ENJOY the sunshine today, because it might be the last we see for a while.
The south-west’s Indian summer will come to a wintry end tomorrow, with temperatures set to drop to 18 degrees with up to 10 millimetres of rain expected to fall across the district. And it will be much of the same next week according to Bureau of Metrology forecaster Stephen King.
Mr King said the above average temperatures the south-west had experienced over the past seven days would be replaced with temperatures in the low to mid teens from Monday.
He said the average temperature for May was about 19 degrees, with temperatures over the last week sitting about eight degrees above average.
“A slow moving high pressure system over the Tasman Sea is the cause of the unseasonably warm temperatures,” Mr King said.
“It’s a pattern you would expect to see in summer, with northerly winds.”
He said the pattern would persist today, with an expected top of 24.
“On Sunday morning a strong low pressure system will move into Bass Strait, which will hang around for most of the week.
“We are expecting between five and 10 millimetres on Sunday, and showers throughout the week.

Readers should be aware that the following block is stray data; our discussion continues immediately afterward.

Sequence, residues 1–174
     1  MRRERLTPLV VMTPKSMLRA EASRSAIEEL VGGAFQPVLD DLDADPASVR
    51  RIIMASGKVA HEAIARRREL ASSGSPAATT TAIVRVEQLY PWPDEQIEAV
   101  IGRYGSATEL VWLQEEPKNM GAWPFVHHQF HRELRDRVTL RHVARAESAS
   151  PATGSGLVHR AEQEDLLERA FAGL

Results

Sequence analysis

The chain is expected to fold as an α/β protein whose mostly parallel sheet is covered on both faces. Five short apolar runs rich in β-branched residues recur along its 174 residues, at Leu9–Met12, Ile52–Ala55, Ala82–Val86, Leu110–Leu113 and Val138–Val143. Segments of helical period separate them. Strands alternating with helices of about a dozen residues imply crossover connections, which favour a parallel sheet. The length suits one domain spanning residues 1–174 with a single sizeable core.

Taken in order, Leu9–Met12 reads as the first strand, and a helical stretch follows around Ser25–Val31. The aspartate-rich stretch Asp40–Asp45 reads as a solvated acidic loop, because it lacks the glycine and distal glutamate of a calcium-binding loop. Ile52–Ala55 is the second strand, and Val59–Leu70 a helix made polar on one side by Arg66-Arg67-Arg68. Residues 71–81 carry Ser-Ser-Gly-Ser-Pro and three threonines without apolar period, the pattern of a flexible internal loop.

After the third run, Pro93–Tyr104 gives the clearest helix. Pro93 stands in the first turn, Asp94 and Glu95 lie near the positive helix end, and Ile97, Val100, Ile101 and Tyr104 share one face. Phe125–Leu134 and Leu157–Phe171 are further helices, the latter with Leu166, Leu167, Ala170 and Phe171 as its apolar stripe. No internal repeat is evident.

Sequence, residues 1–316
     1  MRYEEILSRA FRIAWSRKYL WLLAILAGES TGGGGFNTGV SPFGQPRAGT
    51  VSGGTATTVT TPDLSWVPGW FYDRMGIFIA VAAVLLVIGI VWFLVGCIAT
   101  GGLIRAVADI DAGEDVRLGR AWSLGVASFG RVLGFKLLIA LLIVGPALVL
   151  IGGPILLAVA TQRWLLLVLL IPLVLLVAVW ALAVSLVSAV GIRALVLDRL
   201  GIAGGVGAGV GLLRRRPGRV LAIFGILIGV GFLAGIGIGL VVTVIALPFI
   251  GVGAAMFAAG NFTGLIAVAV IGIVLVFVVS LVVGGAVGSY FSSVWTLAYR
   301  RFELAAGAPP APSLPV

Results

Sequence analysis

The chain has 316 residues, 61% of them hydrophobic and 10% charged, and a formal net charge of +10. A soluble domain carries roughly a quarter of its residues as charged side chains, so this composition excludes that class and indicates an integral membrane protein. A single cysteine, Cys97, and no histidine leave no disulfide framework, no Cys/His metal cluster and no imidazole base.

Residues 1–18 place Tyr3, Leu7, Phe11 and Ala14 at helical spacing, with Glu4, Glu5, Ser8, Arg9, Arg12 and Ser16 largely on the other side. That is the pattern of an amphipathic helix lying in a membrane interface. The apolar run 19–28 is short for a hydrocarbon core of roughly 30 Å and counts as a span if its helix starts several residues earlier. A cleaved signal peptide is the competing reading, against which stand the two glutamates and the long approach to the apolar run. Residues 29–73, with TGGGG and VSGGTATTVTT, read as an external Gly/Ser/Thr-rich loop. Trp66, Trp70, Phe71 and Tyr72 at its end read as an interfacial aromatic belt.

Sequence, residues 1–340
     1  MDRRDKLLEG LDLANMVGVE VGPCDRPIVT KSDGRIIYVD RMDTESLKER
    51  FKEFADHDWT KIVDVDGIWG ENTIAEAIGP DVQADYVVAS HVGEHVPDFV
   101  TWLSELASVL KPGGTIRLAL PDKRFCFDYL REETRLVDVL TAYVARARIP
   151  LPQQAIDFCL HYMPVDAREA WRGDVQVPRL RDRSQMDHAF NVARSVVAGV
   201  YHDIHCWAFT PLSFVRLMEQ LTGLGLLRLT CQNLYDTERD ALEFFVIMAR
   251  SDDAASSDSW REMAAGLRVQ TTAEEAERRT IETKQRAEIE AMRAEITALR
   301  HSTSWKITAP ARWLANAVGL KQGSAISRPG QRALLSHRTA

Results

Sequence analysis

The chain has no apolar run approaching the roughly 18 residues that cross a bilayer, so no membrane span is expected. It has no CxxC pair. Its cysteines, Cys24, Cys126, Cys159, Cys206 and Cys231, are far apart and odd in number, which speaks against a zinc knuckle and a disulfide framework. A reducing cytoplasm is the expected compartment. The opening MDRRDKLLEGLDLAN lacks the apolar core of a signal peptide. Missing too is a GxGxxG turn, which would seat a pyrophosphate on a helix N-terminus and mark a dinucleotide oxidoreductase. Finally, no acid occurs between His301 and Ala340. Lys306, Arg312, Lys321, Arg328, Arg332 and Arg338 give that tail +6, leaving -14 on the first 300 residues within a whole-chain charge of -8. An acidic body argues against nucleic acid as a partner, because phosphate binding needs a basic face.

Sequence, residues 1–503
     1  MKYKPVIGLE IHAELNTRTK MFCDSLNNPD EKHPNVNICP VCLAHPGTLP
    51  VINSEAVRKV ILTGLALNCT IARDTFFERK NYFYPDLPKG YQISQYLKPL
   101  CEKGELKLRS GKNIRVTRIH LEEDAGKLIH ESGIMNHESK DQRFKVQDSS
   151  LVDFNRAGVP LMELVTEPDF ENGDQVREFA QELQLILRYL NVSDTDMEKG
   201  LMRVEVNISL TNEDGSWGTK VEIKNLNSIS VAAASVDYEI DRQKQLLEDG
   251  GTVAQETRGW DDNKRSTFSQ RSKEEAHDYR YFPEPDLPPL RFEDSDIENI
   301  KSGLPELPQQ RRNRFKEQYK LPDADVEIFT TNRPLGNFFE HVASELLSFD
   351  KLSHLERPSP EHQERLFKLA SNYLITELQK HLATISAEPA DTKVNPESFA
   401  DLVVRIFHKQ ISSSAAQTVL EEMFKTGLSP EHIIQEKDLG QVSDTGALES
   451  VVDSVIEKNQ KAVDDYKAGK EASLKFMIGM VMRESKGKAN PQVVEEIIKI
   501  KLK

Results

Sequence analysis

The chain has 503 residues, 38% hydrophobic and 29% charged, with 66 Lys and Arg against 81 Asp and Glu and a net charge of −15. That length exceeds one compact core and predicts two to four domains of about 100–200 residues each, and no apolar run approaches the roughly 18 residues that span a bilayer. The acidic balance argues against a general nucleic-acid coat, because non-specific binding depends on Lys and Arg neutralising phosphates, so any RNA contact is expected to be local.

“There is the chance for heavy rainfall on Tuesday and Wednesday.”
He said it was not the first time the region had experienced above average temperatures in May.
“In 2002, the temperature sat in the high 20s between the second and the eighth (of May),” he said.
While the rain expected will be good for gardens and lawns, the outlook for farmers isn’t as rosy.
Bureau scientist Karl Braganza said the long range forecast for south east Australia issued on April 23 predicted it would be drier than normal for the next few months.
The forecast said the chances of receiving below normal rainfall were 60 to 70 per cent in western and central Victoria, agricultural areas of South Australia and Tasmania. Mr Braganza said the chances of receiving good rainfalls improved after July.
“In late winter and spring, it’s more favourable for rain in the south-east of Australia,” he said.